On concrete walls that are fully exposed (above grade) for a new residence, should there be an air space?

We are constructing a new dwelling in Climate Zone 4. Site constraint will have one side of the house built in to a hillside, so the exterior wall is retaining, and will be poured concrete. The owner likes the modernist look of exterior concrete walls, so we are planning to use poured concrete walls on the other elevations as well. I am planning on dampproofing the exterior of the retaining sections of wall, and framing the interior with 2x6 studding and insulation, like a finished basement wall condition.

Asked By Jeffrey Lees | Jul 21 15
1 Answer

What type of insulation to use?

We have just started a remodel on an old farmhouse in the Zone 6 region. The old 1 1/2 story farmhouse used 2X4 roof and wall framing with ship lap on both sides of the walls and on the top of the roof. The walls have blown in cellulose and the attic space has blown in fiberglass. The new part will be 2X6 construction and we are matching the roof lines but using 2X8's for the rafters with the ceiling leveling off and 2X8 tie rafters.

Asked By John Berlage | Jul 22 15
69 Answers

Attic is hot after closed-cell spray foam was installed

Finished attic with 4 foot knee wall , duct located in knee wall to support 2 floor,extremely hot, BASF spray tite 2 inches with spray foam wraped around rafter in knee wall but with Sheetrock on ceiling just 2 in foam In cavity . Suggestions to handle heat issue. Richmond Virginia all attic seal very well thinking heat coming from rafters under Sheetrock. Thermal convection coming from rafters. Worked done in the winter, crawl space also done, house built 1994 colonial 2 story with garage with room above with dormer. Also in crawl space does it really need supply vent and return vent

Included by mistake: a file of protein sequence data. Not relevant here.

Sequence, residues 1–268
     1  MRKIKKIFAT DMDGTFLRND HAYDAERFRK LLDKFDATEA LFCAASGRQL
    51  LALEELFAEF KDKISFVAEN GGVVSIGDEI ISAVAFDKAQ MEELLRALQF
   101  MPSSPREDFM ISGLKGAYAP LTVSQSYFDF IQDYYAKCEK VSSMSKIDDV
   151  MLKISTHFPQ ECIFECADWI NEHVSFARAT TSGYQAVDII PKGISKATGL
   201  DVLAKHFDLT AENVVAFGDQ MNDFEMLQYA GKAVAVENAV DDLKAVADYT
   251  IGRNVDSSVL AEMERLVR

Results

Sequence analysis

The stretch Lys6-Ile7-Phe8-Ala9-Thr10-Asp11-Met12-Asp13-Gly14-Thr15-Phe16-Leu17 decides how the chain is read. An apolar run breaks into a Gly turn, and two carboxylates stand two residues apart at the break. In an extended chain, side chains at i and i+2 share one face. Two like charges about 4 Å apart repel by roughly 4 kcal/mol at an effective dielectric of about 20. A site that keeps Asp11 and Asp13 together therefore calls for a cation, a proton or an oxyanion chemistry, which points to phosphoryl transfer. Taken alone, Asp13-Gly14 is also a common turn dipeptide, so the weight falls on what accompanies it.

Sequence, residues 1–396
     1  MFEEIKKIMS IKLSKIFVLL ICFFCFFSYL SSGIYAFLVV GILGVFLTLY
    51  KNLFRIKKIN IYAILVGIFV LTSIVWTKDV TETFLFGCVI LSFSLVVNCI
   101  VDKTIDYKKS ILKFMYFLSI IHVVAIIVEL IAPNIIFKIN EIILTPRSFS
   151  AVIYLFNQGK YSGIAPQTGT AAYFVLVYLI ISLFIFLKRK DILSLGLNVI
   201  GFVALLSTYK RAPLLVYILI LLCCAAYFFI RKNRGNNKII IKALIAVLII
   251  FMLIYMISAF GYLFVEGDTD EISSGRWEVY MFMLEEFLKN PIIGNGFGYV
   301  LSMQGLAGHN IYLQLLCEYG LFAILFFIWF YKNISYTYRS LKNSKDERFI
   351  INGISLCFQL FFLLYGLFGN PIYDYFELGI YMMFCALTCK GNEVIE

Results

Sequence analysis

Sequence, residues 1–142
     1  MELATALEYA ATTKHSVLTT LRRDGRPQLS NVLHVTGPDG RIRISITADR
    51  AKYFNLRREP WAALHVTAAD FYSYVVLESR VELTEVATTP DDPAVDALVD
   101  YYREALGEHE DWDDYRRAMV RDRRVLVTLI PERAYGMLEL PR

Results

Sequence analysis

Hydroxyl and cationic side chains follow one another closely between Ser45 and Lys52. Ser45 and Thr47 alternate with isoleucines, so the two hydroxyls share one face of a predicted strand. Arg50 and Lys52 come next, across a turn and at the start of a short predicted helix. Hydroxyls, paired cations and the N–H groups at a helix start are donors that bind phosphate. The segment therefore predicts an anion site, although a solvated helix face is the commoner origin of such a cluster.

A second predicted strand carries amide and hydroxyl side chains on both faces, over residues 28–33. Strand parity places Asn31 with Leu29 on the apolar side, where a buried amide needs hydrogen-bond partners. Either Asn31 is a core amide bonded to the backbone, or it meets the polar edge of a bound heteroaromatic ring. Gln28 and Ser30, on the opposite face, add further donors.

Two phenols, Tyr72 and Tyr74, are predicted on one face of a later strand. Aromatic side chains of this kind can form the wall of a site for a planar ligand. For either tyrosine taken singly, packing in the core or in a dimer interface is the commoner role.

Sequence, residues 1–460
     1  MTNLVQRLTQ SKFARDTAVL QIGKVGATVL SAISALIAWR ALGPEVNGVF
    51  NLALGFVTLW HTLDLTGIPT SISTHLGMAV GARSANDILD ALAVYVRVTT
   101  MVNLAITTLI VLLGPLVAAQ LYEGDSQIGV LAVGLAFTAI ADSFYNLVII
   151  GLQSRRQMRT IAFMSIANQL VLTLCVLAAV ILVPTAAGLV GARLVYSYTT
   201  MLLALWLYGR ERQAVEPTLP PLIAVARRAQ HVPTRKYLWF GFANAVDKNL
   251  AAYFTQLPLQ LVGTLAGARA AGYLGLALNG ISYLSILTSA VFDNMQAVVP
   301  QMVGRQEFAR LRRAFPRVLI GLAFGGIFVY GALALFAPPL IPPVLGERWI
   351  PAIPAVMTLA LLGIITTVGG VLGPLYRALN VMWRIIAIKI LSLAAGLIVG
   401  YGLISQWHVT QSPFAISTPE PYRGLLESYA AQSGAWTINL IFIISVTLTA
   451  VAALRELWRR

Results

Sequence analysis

Asked By Mark Hippchen | Jun 27 15
1 Answer

Adding insulation during re-roof: Roxul or foam? Ventilate or not?

Thanks for this great website. I looked, but didn't find an answer to my specific situation so here it is:

Asked By James Hare | Jul 13 15
4 Answers

Has anyone ever seen a span table for old ACTUAL dimension floor joists?

I'm constantly working with 80-100 year old ACTUAL dimension pine floor joists. 2x8 are actually 2x8, the 2x10s actual 2x10s.

Compared to their slimmer decendants, these beefier joists can certainly carry more weight over longer spans. The problem is, inspectors (and many structural engineers, sadly) treat these as nominal framing.

Asked By AARON LUBECK | May 26 09
4 Answers

Vapor barrier for floating cork floor

I live in Peoria, Illinois (Zone 5A). I'm installing a floating cork floor over an upstairs plywood subfloor. Nearly every website I see preaches on the importance of using a vapor barrier under floating floors, but I've also seen vehement advice against it. The planks I'm installing have a thin cork layer on the bottom, so I really shouldn't use a vapor barrier right?

Asked By Yvette Richey | Jul 9 15
Register for a free account and join the conversation

Get a free account and join the conversation!
Become a GBA PRO!